The incredible diversity of the rainforest provides many known, and to be sure, many yet to be discovered sustainably harvestable products of significant value. Of the estimated quarter million different plant species, fewer than five thousand have been studied for potential medicinal benefits. Of the approximate three thousand plants worldwide known to have effective anticarcinogenic properties, over two thousand come from the tropical rainforest. Approximately two hundred well known rainforest fruits are currently harvested or farmed as food, whereas local and indiginous cultures make use of between one and two thousand. An additional one to two thousand fruits with unknown viability have been catalogued.
The illustration below depicts the bounty of the rainforest, inferring how knowledge of the forest products, combined with sustainable harvesting and integrated management of the forest would have economic value far in excess of the raw value of the timber, the grazing value of the land, monoculture farming of the land for subsistence or agribusiness, or any other destructive use of the forest.
Each forest is unique. Even forests within the same general region can vary in the specific products they may harbor. Local or indigenous people can provide a wealth of knowledge about useful products. This knowledge itself represents yet another aspect of "harvestable" rainforest wealth.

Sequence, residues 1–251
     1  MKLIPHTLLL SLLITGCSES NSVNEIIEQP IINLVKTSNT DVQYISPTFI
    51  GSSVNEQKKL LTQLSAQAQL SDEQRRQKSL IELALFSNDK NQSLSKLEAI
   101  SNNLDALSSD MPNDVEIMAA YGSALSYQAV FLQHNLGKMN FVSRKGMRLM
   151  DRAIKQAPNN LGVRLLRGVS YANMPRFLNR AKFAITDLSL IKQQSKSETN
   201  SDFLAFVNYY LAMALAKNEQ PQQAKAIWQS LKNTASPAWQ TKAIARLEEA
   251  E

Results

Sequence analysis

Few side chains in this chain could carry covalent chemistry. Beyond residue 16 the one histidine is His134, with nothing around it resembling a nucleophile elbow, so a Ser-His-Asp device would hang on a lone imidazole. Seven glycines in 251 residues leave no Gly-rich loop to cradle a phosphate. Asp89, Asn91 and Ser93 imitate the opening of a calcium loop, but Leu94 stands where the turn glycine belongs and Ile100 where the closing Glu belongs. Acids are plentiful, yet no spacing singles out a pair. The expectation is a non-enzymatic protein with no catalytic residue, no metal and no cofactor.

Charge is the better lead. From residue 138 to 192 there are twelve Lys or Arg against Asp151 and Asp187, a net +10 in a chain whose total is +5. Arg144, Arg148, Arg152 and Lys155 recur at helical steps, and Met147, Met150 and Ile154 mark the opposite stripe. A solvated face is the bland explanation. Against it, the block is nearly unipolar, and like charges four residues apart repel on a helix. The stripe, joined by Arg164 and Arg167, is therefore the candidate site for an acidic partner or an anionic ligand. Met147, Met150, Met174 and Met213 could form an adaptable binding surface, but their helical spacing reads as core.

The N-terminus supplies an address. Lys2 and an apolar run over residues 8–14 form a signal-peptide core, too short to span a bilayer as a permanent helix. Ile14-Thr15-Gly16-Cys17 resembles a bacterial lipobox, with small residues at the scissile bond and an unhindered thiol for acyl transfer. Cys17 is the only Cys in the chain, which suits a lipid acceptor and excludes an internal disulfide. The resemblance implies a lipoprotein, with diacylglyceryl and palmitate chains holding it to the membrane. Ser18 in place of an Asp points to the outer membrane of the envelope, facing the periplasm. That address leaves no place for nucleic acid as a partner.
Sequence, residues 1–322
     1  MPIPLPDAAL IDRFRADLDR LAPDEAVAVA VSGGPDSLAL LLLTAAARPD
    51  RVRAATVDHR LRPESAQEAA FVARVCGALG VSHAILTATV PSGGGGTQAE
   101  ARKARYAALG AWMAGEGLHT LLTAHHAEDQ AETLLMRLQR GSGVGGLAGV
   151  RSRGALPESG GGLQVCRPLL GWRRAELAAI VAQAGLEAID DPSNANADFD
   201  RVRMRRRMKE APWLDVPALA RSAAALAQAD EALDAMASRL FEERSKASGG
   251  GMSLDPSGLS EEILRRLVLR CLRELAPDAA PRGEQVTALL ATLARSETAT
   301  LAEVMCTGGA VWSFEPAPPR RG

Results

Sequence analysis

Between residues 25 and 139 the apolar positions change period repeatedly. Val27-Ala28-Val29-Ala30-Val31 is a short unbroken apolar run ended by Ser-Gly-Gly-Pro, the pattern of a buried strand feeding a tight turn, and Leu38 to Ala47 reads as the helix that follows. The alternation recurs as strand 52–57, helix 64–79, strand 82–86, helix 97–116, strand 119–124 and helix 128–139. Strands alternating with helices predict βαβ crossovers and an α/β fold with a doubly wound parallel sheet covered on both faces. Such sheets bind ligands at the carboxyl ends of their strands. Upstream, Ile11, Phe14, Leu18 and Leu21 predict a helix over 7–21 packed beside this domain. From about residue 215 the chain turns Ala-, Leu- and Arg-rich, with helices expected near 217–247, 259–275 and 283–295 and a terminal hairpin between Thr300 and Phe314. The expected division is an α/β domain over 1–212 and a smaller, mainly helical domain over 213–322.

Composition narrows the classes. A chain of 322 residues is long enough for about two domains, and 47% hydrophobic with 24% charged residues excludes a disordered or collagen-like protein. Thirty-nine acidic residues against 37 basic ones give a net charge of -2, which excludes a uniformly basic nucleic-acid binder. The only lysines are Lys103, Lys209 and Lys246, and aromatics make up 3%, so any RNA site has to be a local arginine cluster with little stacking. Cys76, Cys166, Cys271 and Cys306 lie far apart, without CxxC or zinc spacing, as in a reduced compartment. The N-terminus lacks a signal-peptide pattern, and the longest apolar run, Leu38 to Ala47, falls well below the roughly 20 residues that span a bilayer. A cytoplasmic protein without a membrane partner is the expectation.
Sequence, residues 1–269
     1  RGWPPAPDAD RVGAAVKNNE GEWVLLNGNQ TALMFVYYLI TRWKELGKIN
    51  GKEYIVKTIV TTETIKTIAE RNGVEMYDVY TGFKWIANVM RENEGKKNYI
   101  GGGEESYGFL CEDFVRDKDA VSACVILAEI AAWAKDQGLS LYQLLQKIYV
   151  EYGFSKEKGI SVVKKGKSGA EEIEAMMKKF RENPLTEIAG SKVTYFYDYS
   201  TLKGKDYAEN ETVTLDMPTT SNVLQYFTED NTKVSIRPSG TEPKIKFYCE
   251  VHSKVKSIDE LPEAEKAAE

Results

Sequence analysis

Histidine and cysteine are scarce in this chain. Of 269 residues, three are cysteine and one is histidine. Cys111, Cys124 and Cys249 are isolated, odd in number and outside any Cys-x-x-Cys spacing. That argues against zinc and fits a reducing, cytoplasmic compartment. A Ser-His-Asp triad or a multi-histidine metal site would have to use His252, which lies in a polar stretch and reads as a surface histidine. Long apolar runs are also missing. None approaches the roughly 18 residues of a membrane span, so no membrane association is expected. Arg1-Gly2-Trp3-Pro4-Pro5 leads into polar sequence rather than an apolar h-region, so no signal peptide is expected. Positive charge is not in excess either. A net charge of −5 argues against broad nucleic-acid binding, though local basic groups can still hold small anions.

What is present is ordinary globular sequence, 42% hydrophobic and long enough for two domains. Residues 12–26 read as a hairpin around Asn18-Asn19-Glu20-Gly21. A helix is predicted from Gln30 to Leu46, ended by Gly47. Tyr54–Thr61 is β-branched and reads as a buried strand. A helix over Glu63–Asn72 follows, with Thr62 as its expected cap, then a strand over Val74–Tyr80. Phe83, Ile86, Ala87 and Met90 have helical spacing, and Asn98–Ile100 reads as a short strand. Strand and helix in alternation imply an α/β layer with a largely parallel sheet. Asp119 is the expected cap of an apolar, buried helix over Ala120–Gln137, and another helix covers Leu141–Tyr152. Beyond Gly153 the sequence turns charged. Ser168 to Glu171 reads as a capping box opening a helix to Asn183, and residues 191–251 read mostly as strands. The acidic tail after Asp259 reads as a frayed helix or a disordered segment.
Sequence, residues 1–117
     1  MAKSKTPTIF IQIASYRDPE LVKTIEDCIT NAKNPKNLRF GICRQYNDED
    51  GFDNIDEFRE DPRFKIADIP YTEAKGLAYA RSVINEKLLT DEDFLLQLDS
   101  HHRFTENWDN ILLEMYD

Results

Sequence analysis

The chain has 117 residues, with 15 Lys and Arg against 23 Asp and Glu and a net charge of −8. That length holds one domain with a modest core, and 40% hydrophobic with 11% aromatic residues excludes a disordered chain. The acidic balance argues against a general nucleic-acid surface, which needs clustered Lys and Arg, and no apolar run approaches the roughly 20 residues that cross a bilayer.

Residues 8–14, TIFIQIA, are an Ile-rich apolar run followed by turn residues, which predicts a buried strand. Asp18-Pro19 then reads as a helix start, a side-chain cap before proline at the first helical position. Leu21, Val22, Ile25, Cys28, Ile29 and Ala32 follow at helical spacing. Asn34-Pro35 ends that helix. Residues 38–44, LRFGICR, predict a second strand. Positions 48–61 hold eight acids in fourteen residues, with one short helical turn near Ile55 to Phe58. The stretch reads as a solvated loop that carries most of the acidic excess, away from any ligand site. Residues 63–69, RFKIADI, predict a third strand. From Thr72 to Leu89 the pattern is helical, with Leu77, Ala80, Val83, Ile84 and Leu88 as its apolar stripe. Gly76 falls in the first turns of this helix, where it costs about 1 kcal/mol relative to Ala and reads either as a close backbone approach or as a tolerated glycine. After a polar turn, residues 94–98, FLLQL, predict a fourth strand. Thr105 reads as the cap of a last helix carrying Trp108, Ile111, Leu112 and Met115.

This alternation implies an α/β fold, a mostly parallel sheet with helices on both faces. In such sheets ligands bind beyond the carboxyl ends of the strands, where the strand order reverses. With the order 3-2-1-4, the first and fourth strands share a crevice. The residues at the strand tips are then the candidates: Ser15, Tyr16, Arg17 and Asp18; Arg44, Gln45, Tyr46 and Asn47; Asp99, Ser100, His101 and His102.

Thoughtful management of just one rainforest resource can bring many times its original value. The rainforest tree, shorea wiesner, is commonly harvested for timber. The sap of shorea, known as dammar, also has many known uses. As a key component of varnishes and paints, one of its first known uses, dammar yeilds a return in the range of cents per ounce. Dammar has been found to be an effective medicinal remedy for depression, and is sold today for a few dollars per ounce. Another recently developed use of the product has been found as a component in finger nail polish (a type of varnish,) which however brings perhaps the highest commercial return. Of course, the wood of shorea can also be harvested for furniture when the tree has reached its expected lifetime.
Given the preceeding description of potential shorea wealth, it is tempting to turn to the development of a monocultural farming of shorea. However, we must appreciate that nature has evolved the tropical ecosystem of the rainforest over billions of years as a closely interdependent system. Isolation of and farming of a single product as a monoculture can rarely be accomplished in a sustainable way, that is, without artificial influx of chemical fertilizers and pest controls. Yet the rainforest itself has accomplished a self sustaining system. An integrated and knowledgable approach will ultimately yield greater economic returns, sustainably and ecologically, and with less overall maintenance and overhead, drawing from the already stable system nature has evolved.
With thoughtful consideration, it becomes clear how little "bang for the buck" we take from the single-use ideology which in fact has served us well in the nontropical farming culture of Europe and North America. Taking an integrated and sustainable approach to rainforest conservation and harvesting in the tropics, however, we can preserve the biodiversity while sustaining economic benefits indefinitely.